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Hi again. It's Matt,

Â and now we're talking more about strategic reasoning.

Â And in particular let's go through and and analyze the Keynes beauty contest

Â game now and talk about the Nash equilibria of this game.

Â So, remember what the structure of this game was.

Â Each player named an integer between 1 and 100, so you've got a population of

Â players, they're all naming integers.

Â the person who names the integer closest to 2/3 of the average integer named by

Â people wins, other people don't get anything.

Â ties are broken uniformly at random. Okay.

Â So again, what are other players going to do? You have to reason through that and

Â then what should I do in response? So these are the key ingredients of a Nash

Â equilibrium and the Nash equilibrium is everybody's choosing their optimal

Â response, the one that's going to give them the maximum chance of winning in

Â this game to what the other players are doing,

Â that's going to be a Nash equilibrium. Okay. So let's take a look.

Â so, how are we going to reason about this? Suppose that I think that the

Â average play the averaged integer named in this game is going to be some number

Â X. so, I, you know, including my own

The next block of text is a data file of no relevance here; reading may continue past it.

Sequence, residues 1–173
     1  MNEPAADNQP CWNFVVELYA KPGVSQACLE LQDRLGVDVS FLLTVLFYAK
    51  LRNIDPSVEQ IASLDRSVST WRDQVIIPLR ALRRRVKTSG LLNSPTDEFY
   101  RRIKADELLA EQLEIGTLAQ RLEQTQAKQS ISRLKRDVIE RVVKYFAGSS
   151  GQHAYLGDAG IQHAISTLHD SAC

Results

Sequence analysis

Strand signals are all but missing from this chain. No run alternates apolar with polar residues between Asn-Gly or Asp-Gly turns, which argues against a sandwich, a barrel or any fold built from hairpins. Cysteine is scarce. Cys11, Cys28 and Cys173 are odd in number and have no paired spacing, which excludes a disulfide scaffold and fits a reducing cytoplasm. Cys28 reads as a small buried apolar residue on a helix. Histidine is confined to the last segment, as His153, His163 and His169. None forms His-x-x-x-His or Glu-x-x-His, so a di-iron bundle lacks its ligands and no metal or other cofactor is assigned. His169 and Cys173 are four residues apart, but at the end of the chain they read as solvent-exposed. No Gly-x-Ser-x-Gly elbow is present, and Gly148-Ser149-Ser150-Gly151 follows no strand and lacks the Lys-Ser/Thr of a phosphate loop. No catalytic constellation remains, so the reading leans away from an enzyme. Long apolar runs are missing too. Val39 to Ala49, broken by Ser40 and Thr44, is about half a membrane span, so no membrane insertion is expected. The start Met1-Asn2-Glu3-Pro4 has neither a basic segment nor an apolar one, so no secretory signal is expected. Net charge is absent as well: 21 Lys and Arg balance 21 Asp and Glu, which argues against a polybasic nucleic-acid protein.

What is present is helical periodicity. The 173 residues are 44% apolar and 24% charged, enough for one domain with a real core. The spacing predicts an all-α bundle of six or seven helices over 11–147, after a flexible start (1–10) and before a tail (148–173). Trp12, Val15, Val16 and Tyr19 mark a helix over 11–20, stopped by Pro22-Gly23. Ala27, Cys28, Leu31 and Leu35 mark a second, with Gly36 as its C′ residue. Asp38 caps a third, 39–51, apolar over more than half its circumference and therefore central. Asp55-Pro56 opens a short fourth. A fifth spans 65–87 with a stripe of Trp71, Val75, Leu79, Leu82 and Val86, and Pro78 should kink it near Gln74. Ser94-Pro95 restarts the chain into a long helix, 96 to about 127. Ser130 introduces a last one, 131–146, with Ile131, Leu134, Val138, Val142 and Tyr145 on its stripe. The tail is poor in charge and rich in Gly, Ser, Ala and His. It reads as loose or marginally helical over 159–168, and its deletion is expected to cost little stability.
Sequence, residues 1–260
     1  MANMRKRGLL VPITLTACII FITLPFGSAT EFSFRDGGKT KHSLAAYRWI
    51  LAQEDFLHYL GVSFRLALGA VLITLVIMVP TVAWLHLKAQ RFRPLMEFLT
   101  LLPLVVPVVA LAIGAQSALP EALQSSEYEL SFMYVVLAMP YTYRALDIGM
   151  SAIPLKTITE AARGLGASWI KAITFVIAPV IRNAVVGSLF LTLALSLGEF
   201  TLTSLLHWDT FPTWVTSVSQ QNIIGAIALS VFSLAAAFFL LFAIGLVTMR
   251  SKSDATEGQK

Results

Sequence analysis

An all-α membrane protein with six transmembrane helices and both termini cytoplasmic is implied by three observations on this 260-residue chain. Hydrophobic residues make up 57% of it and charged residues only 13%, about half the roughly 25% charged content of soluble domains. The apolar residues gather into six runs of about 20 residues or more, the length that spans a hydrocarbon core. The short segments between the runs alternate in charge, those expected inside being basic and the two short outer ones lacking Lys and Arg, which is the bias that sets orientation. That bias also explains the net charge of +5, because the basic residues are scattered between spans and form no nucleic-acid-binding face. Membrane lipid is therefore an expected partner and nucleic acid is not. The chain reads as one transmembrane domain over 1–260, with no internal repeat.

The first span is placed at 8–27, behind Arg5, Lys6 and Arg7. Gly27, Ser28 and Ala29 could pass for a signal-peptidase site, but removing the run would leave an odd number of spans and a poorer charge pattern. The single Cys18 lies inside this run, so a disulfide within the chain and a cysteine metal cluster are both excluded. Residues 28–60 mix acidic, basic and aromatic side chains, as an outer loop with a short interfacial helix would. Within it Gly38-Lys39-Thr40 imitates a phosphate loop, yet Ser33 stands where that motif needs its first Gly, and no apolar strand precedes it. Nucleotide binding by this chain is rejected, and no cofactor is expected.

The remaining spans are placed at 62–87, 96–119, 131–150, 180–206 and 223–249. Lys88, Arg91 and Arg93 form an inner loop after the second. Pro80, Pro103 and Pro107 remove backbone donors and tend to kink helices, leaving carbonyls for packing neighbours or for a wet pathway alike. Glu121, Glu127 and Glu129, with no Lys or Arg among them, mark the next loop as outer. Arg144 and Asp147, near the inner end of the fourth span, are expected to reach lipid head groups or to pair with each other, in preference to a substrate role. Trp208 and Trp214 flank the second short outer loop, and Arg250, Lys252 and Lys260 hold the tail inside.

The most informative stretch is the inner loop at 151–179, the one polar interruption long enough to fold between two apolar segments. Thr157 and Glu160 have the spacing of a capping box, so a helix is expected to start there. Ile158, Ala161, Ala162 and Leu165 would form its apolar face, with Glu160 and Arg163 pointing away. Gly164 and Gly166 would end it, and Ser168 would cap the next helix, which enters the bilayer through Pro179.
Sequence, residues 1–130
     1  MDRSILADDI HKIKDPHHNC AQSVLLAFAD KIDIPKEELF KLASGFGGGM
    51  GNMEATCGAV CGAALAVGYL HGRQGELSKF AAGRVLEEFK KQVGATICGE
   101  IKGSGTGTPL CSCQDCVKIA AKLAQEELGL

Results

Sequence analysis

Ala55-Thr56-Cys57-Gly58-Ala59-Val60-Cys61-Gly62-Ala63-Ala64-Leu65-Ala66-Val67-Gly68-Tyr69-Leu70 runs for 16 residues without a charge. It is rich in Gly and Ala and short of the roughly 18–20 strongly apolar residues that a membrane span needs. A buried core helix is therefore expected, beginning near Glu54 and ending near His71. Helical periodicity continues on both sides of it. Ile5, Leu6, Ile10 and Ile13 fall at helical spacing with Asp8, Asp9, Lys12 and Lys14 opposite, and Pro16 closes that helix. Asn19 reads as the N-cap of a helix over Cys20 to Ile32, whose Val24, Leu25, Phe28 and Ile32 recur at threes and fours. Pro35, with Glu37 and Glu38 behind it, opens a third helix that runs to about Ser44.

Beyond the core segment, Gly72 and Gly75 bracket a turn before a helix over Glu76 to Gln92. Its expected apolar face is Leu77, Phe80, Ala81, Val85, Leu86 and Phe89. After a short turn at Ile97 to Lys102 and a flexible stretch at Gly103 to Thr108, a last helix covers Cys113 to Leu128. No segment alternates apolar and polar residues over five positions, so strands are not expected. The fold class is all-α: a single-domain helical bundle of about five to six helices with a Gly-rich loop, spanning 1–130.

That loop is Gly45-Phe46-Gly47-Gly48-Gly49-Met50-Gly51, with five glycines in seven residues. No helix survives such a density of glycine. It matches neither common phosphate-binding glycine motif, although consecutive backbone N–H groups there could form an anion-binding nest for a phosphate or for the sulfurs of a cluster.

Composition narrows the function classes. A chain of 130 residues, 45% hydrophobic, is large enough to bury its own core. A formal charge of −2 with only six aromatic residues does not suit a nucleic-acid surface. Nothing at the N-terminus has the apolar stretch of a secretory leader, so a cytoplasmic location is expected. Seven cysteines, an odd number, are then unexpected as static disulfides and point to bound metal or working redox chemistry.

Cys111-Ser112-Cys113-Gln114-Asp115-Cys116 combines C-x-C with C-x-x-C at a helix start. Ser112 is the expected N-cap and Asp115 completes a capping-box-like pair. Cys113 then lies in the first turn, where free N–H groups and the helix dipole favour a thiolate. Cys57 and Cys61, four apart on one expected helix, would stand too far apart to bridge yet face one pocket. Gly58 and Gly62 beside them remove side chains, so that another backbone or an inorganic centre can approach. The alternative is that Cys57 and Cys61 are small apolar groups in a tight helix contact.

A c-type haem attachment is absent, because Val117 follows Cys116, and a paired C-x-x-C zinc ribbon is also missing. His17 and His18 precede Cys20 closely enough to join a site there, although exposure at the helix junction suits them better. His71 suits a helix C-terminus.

Â integer, I think this is going to be the average.

Â Well, what has to be true about my reply to that, my reply should be 2/3 of X,

Â right? I should be naming the integer closest to 2/3 of whatever I believe the

Â average is going to be. So my optimal strategy should be naming

Â an integer closest to 2/3 of X. So here, we're just working through

Â heuristically, we'll, we'll get to formal definitions and analysis in a little bit,

Â but let's just go through the basic reasoning now.

Â Okay, so I should be trying to name 2/3 of what I think the average is going to

Â be. Well, X has to be less than a 100, right?

Â There's no way that the average guess can be more then 100.

Â So the optimal strategy for any player should be no more then 67 right? So if I

Â think that everybody's rational I, so, if I believe that's true, then I think that

Â nobody should be naming an integer bigger than 67.

Â Okay, so what does that mean? Well, that means that I can't think the average is

Â any higher than 67, right? So, if, if the average X is no bigger than

Â 67, then I should be naming no more than 2/3 of 67.

Â Right? Now, you can begin to see where this is going, so that means that if I

Â think everybody else understands the game and understands that nobody should be